Fallout From Migrations of Office Suite

“…moving from Microsoft Office to open source alternatives like OpenOffice is normal, the expected, the non-newsworthy common occurrence.  It is “dog bites man”.  Moving in the opposite direction, from free software to proprietary is newsworthy because it is so rare.  It is “man bites dog”

via A Tale of Two Cities.

Isn’t it the truth? There was a wave of huge migrations to FLOSS in the period of 2003-2005 which made headlines but far larger migrations recently barely are noticed in the noise. We now have several governments of large nations moving to GNU/Linux and FLOSS, huge corporations like Google too and countless millions of individuals. It’s not news any longer but I still enjoy reading about it when it does break through.

M$ has some tenets about mindshare for technology. One of them is that you only win when the status quo becomes thinking the competing technology works is a mental defect. Conversely, M$ must know it is losing because no one now believes using FLOSS (GNU/Linux, Android/Linux, FLOSS applications…) is irrational. FLOSS works for everyone who tries it. The few exceptions I have read are quite unusual, involving some constraint other than price/performance, like inability to run application X. When people consider “doing task X” instead of some lock-in they suddenly find themselves doing IT the right way, the way that works for them.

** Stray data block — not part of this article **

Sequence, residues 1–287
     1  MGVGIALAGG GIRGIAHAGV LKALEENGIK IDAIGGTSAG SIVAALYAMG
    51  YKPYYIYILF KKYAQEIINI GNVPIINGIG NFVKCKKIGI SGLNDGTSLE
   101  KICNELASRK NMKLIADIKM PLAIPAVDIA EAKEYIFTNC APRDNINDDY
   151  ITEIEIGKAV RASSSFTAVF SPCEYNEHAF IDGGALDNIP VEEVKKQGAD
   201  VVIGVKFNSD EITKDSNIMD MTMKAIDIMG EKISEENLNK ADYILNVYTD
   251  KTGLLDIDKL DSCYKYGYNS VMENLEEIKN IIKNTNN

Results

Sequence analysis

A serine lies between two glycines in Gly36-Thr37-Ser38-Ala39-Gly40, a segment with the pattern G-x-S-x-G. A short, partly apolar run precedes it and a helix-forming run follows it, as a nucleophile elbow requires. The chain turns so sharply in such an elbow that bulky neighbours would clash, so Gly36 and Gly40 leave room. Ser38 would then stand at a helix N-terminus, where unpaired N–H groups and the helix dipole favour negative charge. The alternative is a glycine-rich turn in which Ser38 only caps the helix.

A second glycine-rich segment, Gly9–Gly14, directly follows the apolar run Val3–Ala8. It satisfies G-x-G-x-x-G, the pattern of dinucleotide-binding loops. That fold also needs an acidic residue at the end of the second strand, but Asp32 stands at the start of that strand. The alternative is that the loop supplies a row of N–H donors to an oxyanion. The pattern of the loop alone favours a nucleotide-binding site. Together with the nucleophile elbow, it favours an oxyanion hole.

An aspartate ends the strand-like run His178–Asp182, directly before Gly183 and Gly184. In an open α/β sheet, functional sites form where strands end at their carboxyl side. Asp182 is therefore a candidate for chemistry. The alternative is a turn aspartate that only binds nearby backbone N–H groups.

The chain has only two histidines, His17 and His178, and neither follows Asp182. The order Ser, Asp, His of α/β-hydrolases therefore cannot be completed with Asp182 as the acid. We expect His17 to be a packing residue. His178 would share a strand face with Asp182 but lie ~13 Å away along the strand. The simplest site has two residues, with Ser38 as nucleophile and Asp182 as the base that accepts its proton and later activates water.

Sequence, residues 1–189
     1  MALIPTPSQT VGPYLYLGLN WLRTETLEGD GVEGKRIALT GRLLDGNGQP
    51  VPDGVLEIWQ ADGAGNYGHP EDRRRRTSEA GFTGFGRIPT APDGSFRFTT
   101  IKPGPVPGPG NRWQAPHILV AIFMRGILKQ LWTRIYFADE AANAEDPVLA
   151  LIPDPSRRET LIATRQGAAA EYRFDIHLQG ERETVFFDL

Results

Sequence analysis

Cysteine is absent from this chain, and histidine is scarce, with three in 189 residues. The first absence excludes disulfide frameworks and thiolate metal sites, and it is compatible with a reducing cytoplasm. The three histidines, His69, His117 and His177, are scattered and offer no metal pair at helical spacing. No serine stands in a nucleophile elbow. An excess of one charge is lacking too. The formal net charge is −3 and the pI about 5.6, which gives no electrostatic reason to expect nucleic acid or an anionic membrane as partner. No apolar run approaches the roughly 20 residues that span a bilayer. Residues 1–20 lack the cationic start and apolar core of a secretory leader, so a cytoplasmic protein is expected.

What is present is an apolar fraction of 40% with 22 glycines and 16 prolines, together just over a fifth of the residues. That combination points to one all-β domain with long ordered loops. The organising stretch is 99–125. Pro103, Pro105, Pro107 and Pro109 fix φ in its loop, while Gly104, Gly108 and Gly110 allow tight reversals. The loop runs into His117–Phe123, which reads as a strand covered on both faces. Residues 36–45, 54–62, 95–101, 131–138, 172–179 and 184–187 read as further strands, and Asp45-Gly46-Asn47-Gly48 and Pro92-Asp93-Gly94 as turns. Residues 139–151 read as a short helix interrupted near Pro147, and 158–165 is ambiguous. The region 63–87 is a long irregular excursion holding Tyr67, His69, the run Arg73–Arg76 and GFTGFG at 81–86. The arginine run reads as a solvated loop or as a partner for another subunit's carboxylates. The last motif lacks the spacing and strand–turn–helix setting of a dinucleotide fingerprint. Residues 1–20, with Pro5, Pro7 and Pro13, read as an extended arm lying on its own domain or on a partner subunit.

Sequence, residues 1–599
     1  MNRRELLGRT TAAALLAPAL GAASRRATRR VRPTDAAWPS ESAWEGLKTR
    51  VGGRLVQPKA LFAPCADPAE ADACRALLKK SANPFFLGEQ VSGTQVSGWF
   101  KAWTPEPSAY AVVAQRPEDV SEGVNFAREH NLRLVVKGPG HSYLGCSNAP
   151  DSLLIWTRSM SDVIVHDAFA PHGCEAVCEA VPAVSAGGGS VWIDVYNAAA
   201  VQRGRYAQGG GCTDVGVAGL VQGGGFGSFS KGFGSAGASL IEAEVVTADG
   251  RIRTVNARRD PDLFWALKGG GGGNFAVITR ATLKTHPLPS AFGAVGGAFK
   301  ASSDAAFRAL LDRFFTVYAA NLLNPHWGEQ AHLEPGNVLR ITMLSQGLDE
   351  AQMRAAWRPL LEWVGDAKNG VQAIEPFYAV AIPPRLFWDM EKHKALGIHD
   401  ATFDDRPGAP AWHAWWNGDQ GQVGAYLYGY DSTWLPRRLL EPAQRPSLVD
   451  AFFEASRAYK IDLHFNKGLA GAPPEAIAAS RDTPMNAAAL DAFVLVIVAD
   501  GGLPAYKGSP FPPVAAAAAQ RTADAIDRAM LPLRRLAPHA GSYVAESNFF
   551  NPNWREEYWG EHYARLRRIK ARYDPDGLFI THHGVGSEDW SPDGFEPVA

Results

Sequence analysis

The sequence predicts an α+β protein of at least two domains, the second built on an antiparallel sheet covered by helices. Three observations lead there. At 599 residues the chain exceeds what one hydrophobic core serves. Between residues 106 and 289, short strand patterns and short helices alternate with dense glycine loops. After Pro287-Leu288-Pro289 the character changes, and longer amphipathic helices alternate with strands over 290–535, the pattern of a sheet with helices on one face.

Really, the time of early adopters was long ago. Mainstream use on servers happened since 2000. Mainstream use on small cheap computers is everywhere now and big expensive computers are nearly obsolete. M$’s attempts to run on small cheap computers by making its own hardware is dooming that other OS to a small share sooner or later. Current inventories of PCs running that other OS will meet the need to run “application X” for years to come. After that, everyone except very few will run web applications that work for any OS on the client PC. Mobile and thin client is the future of client computing.

About Robert Pogson

I am a retired teacher in Canada. I taught in the subject areas where I have worked for almost forty years: maths, physics, chemistry and computers. I love hunting, fishing, picking berries and mushrooms, too.
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